Bugs on bodies: how flies can help and hurt a crime scene

 A large cluster of adult flesh flies, Sarcophaga bullata, feeding on bovine liver. (Photo courtesy of David Rivers)

A large cluster of adult flesh flies, Sarcophaga bullata, feeding on bovine liver. (Photo courtesy of David Rivers)

It’s difficult to gross out David Rivers, a professor of biology at Loyola University Maryland. He’s a forensic entomologist, meaning he spends his time looking at insects on and around dead bodies.

“People are repulsed by insects but they are fascinated by death and the macabre,” he says.

Insects and bugs are drawn to dead bodies, and Rivers looks at what’s crawling around at a crime scene for clues.

“If you really have a good understanding of the insects, and who should be here and when should they be here in terms of the location, then you can actually determine, has that body been moved? In some cases, you can actually use insects as surrogates for human tissue. If a body is really badly decomposed but you suspect that this person has been shot, then sometimes you can actually grind up the fly maggots and detect gunshot residue in their body,” he says.

Flies can sometimes help solve a crime, but they can also alter crime scenes, because of the way they eat.

“They’re very sloppy, they remind me of my teenage sons. If you have a body that there are body fluids that actually have been released, and that’s fairly common regardless of whether you’ve actually had some type of blunt force trauma, they’re going to walk through their food first.”

That means if a fly walks through blood at a scene, it can distort the shape of the splatter and throw off a blood stain expert. 

“They also release their own secretions: so they will spit and they will also poop, which is liquid, and when they do, if they’ve been feeding upon the victim’s tissues, then what they’re going to do is they’re going to deposit their own spit and poop that looks like the stains that actually are derived from the victim, in which case, it can confuse a bloodstain analyst because it looks the same and it chemically is going to test the same.”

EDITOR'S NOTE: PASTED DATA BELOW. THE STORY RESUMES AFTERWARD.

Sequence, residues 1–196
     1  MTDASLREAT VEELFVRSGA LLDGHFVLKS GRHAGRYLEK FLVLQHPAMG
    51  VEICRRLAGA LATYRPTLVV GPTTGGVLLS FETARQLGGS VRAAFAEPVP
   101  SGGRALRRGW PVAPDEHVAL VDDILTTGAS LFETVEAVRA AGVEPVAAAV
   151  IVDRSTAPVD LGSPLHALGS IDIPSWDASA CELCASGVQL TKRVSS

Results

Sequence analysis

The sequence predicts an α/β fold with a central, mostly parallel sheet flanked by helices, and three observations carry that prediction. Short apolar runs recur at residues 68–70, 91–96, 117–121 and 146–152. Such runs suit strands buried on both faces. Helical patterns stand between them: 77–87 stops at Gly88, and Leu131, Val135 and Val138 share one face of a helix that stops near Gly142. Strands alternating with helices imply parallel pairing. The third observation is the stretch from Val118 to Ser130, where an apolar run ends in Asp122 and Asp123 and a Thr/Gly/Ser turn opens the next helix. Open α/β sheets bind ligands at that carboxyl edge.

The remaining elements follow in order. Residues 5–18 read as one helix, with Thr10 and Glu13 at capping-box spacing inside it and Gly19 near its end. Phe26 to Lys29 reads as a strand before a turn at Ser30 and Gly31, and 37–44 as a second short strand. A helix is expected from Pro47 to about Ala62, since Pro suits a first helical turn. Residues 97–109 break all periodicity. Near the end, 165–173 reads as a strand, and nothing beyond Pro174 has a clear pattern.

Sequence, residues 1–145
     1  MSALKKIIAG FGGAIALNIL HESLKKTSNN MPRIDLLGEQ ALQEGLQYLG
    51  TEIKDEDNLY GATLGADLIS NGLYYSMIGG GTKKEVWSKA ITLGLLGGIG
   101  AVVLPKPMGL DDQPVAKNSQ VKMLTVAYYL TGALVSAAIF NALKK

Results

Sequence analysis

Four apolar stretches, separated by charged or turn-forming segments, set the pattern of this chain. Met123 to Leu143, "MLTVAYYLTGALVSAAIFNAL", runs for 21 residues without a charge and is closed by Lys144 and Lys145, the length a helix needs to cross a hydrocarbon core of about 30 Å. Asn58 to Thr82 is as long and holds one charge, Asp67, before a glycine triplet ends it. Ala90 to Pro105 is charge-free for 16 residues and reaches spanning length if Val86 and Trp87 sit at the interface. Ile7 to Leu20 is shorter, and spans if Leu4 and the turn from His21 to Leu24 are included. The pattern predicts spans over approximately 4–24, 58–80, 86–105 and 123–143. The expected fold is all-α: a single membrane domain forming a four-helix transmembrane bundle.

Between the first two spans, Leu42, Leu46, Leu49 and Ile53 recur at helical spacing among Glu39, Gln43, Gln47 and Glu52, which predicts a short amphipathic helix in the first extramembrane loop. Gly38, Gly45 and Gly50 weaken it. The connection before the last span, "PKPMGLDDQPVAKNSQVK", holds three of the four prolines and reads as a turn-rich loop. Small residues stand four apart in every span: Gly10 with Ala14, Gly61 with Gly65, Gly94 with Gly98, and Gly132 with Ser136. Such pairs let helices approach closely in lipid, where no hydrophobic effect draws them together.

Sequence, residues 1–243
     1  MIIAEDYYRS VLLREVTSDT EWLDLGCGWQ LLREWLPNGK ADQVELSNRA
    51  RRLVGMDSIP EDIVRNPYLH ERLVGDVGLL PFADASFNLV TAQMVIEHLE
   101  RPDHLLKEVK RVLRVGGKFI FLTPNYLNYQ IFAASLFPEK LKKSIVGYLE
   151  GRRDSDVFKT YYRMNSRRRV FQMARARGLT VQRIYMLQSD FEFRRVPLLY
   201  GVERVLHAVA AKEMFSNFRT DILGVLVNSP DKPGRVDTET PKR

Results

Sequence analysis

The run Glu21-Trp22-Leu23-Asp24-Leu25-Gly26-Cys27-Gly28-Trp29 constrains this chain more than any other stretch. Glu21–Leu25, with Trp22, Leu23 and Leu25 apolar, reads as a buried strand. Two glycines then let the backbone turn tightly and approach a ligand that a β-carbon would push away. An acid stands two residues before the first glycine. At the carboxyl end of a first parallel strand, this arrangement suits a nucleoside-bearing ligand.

Artifacts deposited by the flesh fly, Sarcophaga bullata. These stains were produced after the fly fed on human blood. (Photo courtesy of David Rivers)

For example, if flies spit and poop all over a lamp shade that didn’t have any blood on it, that can change what investigators think happened at the scene. So Rivers is looking to find a way to quickly differentiate between fly spit and poop and actual blood from the victim.

“We’ve recognized that flies have enzymes that they use for digestion that are structurally different than what we have in humans. We’ve designed an antibody that would be able to recognize enzymes derived from flies that visit a corpse. We’ve got it now that if you’re looking at stains, you can put antibody on top and use a secondary compound that when that’s added, will cause a color change anywhere you have fly enzyme.”

He’ll put these antibodies into a spray that can be used at crime scenes. Right now he’s testing the spray to make sure it’s effective with as many different types of flies as possible. The next step is to streamline the process so that it’s quick and easy for anyone to use it.

And as far as the smell of dead bodies or animals, Rivers says that no one is a big fan of the scent. 

“They’re not looking to make it a yankee candle,” he says.

WHYY is your source for fact-based, in-depth journalism and information. As a nonprofit organization, we rely on financial support from readers like you. Please give today.

Want a digest of WHYY’s programs, events & stories? Sign up for our weekly newsletter.

Together we can reach 100% of WHYY’s fiscal year goal